Sorry this isn't more constructive, because I don't have the art education to be specific, but -- the visual aspect of your game and website is unappealing.

Most people will make an instant judgement based on the first visual that's presented to them, and the colours, the composition, the style here just don't come together to make a beautiful piece of art.

 

It would be a very good investment to hire an experienced concept artist to visualize what the game could/should look like early on in production, and use that to produce a style guide / art bible for the rest of the production phase. You can also get a concept artist to "paint over" screenshots at any point in time to show you what they should look like, and then use that to focus on improving the art.

Same goes for the website -- an experienced graphic designer and UI/UX person would be invaluable.

 

Talking about graphics in free indie games, what about this: 

 ?

The graphics are definitely ugly for a game from the 2012, but still had 176k plays!

 

And what about this one: 

Ugly graphics and over 150.000 downloads both on GameJolt and Play Store

 

There must be something related to either gameplay, or the fact people thinks there is a bitcoin miner/malware inside my game i think.

Edited by PixelFun

Share this post


Link to post
Share on other sites

This is just a simple 2D game, pimped with some 3D.

And then you want people to watch ads too.

Get a life.

 

I understand.

 

But how about that Orange Roulette game i have linked? (that game is not mine).

Gameplay is too simplistic, and the graphics... you can count all the sprites it has with one hand

But it still reached 150k downloads on Google Play and it shows ads, although not frequently.

Edited by PixelFun

Share this post


Link to post
Share on other sites

 

I am writing this thread to ask you some feedback , why such a cruel failure? Even on mobile and even among Bitcoin enthusiasts.

 

 

These used to be heavily featured on our site, but they didn't survive the transition a few years back.  Even though the name "shareware" doesn't really apply, everything else does: Read This Thoughtfully

 

At a glance it is not pretty, nothing on the Google Play encourages it, you don't have effective marketing, you don't have a beautiful storefront.

 

Simply, I have not even bothered to play your game, and the tiny amount of your game I have seen does not make me want to play. That is one of many factors that need to get fixed.

 

Ugly can be fine, because ugly can still be pleasing in other ways.  Comically ugly can succeed.  

 

Take a serious look at your page:

 

attachicon.gifCapture.PNG

 

The hand-scrawled font and ugly graphics, the heavily aliased blobs in the image (they don't show up well in the thumbnail version of your site, zoom in on that image), the mismatch between art styles between the world objects and game objects.  And on top of that all, you're asking "give me money for this!"

 

That image of a bug with that particular expression, you're using that as your headline. That is where people put their best work. The very best of your game is captured by that image of a bug with a stupid look on his face, those particular graphics, the skewed bubble letters that look they were thrown on by a ten-year-old who just discovered how to make word art.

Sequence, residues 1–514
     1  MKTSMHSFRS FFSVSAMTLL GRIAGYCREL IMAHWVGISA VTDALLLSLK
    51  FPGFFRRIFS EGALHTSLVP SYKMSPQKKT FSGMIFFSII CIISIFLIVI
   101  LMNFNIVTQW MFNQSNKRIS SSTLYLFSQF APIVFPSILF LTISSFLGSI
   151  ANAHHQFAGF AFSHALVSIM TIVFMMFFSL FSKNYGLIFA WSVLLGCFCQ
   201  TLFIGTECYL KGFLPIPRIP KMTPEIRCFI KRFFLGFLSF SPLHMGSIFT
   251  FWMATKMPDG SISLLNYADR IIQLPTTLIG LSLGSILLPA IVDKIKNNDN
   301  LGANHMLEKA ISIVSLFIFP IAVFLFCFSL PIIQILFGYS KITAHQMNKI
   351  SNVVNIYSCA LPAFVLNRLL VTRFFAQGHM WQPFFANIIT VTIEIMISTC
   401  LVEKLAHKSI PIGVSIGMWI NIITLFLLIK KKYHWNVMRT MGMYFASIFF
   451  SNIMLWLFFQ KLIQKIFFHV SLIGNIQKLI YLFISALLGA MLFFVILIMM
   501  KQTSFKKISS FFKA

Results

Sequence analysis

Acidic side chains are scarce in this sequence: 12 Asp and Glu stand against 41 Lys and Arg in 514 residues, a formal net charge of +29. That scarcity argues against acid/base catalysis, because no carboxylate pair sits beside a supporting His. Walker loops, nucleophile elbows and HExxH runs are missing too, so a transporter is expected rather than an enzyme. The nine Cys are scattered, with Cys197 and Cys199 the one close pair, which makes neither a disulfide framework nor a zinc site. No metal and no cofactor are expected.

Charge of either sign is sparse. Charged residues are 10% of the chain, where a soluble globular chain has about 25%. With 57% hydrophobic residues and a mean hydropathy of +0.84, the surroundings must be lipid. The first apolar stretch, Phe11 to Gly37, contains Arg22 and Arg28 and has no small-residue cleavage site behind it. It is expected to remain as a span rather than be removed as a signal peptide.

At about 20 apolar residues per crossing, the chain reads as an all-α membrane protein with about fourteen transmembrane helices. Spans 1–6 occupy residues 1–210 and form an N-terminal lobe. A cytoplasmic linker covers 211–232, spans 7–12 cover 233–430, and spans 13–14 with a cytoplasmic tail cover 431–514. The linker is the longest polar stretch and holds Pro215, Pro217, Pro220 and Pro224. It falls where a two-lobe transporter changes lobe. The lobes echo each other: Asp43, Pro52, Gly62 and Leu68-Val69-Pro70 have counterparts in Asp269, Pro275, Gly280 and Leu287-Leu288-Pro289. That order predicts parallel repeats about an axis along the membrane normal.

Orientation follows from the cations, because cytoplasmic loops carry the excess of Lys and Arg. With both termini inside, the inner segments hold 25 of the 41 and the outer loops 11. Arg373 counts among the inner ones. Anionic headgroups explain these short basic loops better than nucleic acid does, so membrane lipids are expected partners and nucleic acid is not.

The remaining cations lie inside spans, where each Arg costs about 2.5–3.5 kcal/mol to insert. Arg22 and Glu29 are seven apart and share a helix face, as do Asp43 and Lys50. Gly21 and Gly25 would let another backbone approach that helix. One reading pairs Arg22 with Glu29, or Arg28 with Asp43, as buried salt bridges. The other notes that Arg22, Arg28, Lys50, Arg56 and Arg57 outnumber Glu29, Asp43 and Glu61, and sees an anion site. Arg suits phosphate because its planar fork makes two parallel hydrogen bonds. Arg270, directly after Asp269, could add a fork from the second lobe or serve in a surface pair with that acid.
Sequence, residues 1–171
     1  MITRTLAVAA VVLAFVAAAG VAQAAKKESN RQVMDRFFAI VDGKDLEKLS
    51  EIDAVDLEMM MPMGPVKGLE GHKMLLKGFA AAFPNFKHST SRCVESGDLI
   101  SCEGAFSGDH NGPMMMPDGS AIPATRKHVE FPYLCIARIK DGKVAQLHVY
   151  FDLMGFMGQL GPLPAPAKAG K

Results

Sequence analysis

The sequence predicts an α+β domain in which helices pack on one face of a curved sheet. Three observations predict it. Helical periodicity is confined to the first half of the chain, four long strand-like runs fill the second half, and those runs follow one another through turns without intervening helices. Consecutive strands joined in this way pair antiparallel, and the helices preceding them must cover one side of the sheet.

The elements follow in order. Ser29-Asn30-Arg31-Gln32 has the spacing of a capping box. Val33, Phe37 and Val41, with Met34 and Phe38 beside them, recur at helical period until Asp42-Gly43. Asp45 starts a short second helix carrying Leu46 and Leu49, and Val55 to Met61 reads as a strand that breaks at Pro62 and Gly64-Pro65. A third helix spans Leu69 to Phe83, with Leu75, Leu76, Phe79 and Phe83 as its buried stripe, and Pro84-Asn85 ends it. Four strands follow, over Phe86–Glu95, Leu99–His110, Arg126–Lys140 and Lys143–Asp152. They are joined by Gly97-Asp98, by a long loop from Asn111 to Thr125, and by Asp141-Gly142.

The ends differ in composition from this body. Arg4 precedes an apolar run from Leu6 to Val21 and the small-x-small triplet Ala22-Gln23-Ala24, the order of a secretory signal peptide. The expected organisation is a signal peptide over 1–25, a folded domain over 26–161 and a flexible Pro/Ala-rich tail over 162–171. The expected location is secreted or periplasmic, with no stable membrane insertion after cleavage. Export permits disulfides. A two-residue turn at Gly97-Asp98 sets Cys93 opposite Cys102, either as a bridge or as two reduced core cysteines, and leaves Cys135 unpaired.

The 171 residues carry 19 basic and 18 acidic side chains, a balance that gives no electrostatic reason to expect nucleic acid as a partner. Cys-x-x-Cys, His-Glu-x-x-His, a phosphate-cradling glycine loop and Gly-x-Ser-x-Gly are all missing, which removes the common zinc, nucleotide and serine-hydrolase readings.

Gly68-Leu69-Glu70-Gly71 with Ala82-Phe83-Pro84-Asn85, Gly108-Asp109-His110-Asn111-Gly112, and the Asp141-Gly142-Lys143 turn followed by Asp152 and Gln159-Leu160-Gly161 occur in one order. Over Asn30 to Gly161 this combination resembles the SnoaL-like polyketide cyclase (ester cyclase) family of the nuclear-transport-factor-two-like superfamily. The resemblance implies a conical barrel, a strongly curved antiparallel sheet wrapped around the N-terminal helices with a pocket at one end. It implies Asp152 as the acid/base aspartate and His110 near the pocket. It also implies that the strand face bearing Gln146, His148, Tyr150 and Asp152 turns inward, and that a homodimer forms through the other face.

I've worked on teams that had child-like graphics, and watched as artists struggled for months building icon sets that looked childlike but not childish. It takes an enormous amount of effort to build that out as an art style. As a memorable quote:  "It took me four years to paint like Raphael, but a lifetime to paint like a child." - Pablo Picasso

 

Those are the first things I would fix.  Get your art styles consistent, capture the funnest part of gameplay as your key images, and make marketing materials so they don't look like a fifth grader's art project.

 

Go over all your materials, everything in your game, and everything you are using to market your game.  Look at it on a big screen, take a good look at every detail and ask, "Is this my best work?  Would I buy this?" Repeat until you've covered the whole thing.  Then go get a bunch of people who you think are your target market and ask them the same questions, do it as focus groups, and fix everything they point out.  Repeat over and over, with bigger focus groups, re-releasing your product until you eventually get it right.

 

 

Thanks for the valuable feedback. I will read the article you point now.

 

 

The "aliased spots" you talk about are the ones on the bug's head (bug's yellow eyes, black spots on his head),   or the red ones in the "Bitles" text on the right?

 

And the in-game object whose style do not match with the world objects, is the Bitcoin ?

thebitles-screen-article-btc.png

Share this post


Link to post
Share on other sites
Sign in to follow this  

  • Advertisement
×

Important Information

By using GameDev.net, you agree to our community Guidelines, Terms of Use, and Privacy Policy.

We are the game development community.

Whether you are an indie, hobbyist, AAA developer, or just trying to learn, GameDev.net is the place for you to learn, share, and connect with the games industry. Learn more About Us or sign up!

Sign me up!